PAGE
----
Summary: Unwelcomed crises put Christians to the test of commitment to Christ and oftentimes requires us to change our perspective from that which is temporary to that which is eternal.

Coping with Personal Discomfort on the Way to Glory

The afternoon I began writing down my thoughts concerning our Scripture for today, I had planned to be on my way to Florida with a friend who had asked me to conduct a private ceremony in memory of his wife whose ashes were to be scattered in the ocean.

A day earlier I had suggested that we postpone the trip for one year due to my perception that he was simply not ready to dispose of her cremains; the closer the day for the trip, the greater his emotional upset and the more intense his migraine headaches. He was not ready.

Based on research and personal experience, the grieving process takes from one to seven years depending on the extent of coping skills learned during a loved one’s long-term illness.

How well we deal with emotional “after effects” of a loved one’s death depends on the extent to which we learned and practiced skills for coping with the debilitating, discomforting effects of illness. Actually, any devastation suffered by a loved one tends to make folks bitter or better.

One of the most vocal critics of Christianity has been Ted Turner who told the AJC that he had been saved seven or eight times in his life but that he became disenchanted when, despite his prayers for her to get well, his sister died anyway. He became bitter, and stayed that way. Others become bitter then get better. What we need is to strike a balance, yet always pressing onward and upward!

One of the realities we all face is that, no matter how sinful or how spiritual our lives may have been, disease and death affects every one of us.

This was the issue faced by Paul who had endured the negative effects of multiple crises, yet managed - with God’s help - to cope with pressures, perplexities, persecutions, physical hardships, painful experiences. These unwelcomed crises knocked him down but not out! 2 Corinthians 4:16-18 . . .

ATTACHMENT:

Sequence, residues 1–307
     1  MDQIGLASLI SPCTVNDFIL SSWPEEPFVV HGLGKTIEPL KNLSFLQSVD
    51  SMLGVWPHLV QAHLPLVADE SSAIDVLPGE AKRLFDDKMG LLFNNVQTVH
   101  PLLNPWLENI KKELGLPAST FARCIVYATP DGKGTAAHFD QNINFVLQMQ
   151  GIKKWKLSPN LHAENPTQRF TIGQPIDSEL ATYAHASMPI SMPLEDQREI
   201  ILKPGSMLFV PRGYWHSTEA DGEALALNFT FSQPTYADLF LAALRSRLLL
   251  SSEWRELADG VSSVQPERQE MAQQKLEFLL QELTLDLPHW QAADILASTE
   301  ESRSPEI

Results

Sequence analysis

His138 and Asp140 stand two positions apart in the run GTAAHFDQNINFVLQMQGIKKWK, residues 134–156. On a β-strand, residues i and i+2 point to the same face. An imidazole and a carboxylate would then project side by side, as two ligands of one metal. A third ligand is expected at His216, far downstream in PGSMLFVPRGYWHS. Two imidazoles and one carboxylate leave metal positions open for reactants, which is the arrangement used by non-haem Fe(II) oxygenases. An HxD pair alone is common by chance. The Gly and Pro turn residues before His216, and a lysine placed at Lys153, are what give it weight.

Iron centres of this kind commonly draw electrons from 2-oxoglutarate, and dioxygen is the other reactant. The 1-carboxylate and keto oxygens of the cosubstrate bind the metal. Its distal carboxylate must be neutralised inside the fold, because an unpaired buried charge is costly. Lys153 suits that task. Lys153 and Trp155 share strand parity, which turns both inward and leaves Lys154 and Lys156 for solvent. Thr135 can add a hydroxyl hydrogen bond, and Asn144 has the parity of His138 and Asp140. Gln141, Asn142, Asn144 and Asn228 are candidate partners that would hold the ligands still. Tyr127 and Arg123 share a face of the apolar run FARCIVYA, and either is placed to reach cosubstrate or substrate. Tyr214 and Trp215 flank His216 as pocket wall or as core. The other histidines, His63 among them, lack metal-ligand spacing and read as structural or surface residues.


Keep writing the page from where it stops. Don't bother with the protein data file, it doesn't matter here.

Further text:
Having just reminded the Corinthian Christians that, despite all he and they had gone through, their sure hope was still in Jesus’ resurrection, Paul went on to say that, therefore, “we do not give up”!

Commitment to Christ had changed Paul’s perspective! Folks, you gotta have a positive perspective! Eternal not momentary!

Paul viewed his situation in light of eternity! “For I consider that present sufferings are not worth comparing with the glory to be revealed” (Romans 8:18).

The Bible never belittles feelings of disappointment, but God’s Word makes it clear that the way we feel now will not always be the way we feel. And I believe that disappointment is an indication of longing for something better! You might even call it a type of homesickness! I have a longing in my heart for Jesus!

Whether the discomfort of disappointment stems from one’s faithfulness to Christ, or is brought on by distresses such as disease, divorce, poverty, loneliness or whatever, if endured (coped with) in humility with a positive attitude that honors God, you know what? Our coping is going to add to our eternal weight of glory!

Consistently focusing on the eternal enables us to endure the temporary! When God gave me the gift of seeing and hugging my son in his glorified state, my emotions ran the gamut . . . fear – skepticism – heightened awareness – blessed assurance – vindication – elation – admiration – consolation – adoration – expectation – not about me, but about God! Glory to God for the gift of new life in Christ!

What emotions do you experience when you think about a new, glorified body that will never break down? While waiting for the promise of our new state of being in heaven, God’s grace sustains us for enduring the discomforts of this life – 2 Corinthians 12:7-10 . . .

We do not know what Paul’s “thorn” was - for good reason: Mention of his personal experience was only intended to help us one and all to draw strength and encouragement from his example of coping - no matter what our weakness is. God’s grace is sufficient regardless of causes, conditions, or circumstances. God’s favor bestowed upon undeserving sinners is indeed amazing!

C. S. Lewis believed wholeheartedly that God’s grace is the one doctrine that sets Christianity apart from all other religions. He arrived at that conclusion following his experience of losing, then regaining, the joy of his Christian Faith.

For more than a year Lewis wrestled with God over the untimely loss of his beloved wife Joy Brown, but he finally came back to what he already knew, that is, the eternal perspective with which God would have His children view their present situations. In light of eternity is how we learn to look at and thereby cope with our disappointments and the discomforts associated with them.

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